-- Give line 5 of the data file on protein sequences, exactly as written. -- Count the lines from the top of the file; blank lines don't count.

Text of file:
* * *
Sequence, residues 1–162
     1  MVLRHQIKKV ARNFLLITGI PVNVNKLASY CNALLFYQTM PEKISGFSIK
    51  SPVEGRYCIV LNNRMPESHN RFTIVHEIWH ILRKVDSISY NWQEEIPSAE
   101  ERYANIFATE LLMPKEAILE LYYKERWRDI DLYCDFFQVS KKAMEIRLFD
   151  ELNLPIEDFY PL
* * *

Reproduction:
   151  ELNLPIEDFY PL